Expectations are an extremely powerful force in determining, or even forecasting, how successful you can be. Whether it’s a one-time event in your life or long-term career goals, expectations play a very commanding role. The expectations that are placed on you have a direct influence on your performance and thus, on your outcome. This phenomenon that suggests when expectations are placed on others they will act in ways that make the behavior likely to occur, is known as the Pygmalion Effect.

Think back to your family traditions, traditions that were instilled in you by imitation on setting goals. The belief you have of yourself, of the type of person you are, plays a particular role that inevitably generates self-expectations. These expectations can make you believe you’re a winner or that you’re a loser because they have the power to motivate you to achieve more or make you unhappy.

If you believe yourself to be a loser due to failed expectations, these beliefs often stem from how you respond to your mistakes or failures. If, when you make a mistake or experience a setback you keep repeating the scenario over in your mind, blaming yourself for it, dwelling on it, telling your friends and colleagues… you end up creating even more negative mental images.

On the other hand, self-awareness of positive expectations can replace those negative mental images and reward your nervous system with an energized feeling. According to Edward E. Jones, a psychologist at Princeton University, “our expectancies not only affect how we see reality but also affect the reality itself.”

People who have expectations placed upon them by authority figures often show significantly greater gain in performance and achievement. The Pygmalion effect is by no means any sort of magical inspiration, but rather a way for leaders to act differently in regards to the learner. For example, a weightlifter will naturally try to outdo his or her rival if they have positive expectations placed on them from their trainer. Unique self-perceptions provided by a leader can intuitively empower you and prompt you to focus on achieving your goals.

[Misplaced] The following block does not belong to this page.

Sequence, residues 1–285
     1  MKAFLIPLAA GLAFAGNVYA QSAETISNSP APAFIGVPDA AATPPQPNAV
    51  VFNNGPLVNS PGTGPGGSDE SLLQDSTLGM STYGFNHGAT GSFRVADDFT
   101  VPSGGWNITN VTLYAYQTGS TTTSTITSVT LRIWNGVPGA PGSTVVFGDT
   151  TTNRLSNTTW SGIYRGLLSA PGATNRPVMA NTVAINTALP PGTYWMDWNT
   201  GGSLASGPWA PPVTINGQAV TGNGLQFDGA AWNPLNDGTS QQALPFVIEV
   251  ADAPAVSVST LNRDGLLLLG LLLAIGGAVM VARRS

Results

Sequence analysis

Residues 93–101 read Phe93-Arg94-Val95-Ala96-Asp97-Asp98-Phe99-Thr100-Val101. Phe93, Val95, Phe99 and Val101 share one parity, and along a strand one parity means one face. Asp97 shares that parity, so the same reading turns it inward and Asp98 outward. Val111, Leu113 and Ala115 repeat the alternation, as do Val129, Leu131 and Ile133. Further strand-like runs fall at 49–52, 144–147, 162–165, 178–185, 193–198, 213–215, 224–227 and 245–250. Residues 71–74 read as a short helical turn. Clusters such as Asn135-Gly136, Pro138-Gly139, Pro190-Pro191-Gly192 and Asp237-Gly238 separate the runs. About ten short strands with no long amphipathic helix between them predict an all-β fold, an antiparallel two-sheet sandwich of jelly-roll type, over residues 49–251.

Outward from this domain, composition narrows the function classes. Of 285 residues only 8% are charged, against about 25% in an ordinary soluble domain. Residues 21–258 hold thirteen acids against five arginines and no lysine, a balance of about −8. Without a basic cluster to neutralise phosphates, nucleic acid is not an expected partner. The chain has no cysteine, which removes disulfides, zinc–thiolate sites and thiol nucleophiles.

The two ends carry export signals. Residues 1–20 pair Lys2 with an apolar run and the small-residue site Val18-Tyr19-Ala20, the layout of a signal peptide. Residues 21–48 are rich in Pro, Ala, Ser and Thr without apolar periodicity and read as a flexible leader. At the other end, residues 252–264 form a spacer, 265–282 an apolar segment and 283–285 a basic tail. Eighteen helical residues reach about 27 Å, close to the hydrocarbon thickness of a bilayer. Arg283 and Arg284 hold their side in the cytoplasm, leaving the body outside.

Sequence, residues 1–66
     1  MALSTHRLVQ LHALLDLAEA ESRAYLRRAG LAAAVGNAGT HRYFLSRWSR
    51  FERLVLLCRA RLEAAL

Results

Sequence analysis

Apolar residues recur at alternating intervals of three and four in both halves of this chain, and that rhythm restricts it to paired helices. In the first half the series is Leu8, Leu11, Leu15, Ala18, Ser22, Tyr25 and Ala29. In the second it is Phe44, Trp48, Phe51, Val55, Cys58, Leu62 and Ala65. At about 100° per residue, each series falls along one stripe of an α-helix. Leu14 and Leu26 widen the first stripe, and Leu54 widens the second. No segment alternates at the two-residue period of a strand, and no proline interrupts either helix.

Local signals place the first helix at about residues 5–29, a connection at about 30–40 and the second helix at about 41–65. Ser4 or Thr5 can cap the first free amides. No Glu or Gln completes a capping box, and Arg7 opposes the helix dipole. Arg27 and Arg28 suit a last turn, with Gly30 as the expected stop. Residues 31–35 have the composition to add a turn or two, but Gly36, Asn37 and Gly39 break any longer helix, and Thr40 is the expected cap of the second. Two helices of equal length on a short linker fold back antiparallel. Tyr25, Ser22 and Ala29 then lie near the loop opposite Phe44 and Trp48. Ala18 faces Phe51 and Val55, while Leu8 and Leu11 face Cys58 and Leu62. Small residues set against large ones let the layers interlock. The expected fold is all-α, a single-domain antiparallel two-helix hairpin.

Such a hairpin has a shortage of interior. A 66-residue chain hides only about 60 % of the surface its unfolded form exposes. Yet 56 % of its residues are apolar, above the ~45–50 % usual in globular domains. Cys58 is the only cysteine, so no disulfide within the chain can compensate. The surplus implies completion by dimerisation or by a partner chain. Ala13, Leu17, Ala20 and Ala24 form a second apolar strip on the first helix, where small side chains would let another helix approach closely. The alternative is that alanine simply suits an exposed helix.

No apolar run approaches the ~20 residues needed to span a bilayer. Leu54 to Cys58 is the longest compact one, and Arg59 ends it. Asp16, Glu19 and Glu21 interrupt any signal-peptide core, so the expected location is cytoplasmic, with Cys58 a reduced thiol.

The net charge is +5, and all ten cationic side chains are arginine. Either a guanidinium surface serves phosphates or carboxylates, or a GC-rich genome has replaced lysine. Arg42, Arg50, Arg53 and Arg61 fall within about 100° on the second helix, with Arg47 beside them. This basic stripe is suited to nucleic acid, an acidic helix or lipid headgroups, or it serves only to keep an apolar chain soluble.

The elevated expectations of the Pygmalion effect are so powerful that it is often applied to settings from corporate workplaces to sports teams and even to the military. Research shows that the expectations of those around you can subconsciously modify your behavior – for better or for worse – while your own expectations can fill you with positive drive and energy, or despondency and despair. Having expectations placed on you narrows your choices, while providing an energizing drive to achieve your goals.

While it can prove difficult to intentionally change the expectations of those around us, we can consciously change our own behavior by adopting new behaviors and acting like everyone around us has exceedingly great potential.
Article Author: Smiljan Mori is the founder of MindOver™ Network, Brilliant solutions for Performance, Motivation and Happiness. He has literally created a successful business and coaching empire from scratch and is a best-selling author and motivational speaker who brings unparalleled professional experience and the latest scientific research from neuroscience and positive psychology to audiences around the globe. He has shown more than 150,000 people from 50 countries how to change their lives for the better.

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Article References:
Motivaction For Life by Smiljan Mori
http://www.duq.edu/about/centers-and-institutes/center-for-teaching-excellence/teaching-and-learning/pygmalion
http://www.pon.harvard.edu/daily/negotiation-skills-daily/expectations-and-self-fulfilling-prophecies/
http://www.nytimes.com/1987/02/03/science/research-affirms-power-of-positive-thinking.html?pagewanted=all&src=pm
http://www.psychologytoday.com/blog/cutting-edge-leadership/200904/pygmalion-leadership-the-power-positive-expectations

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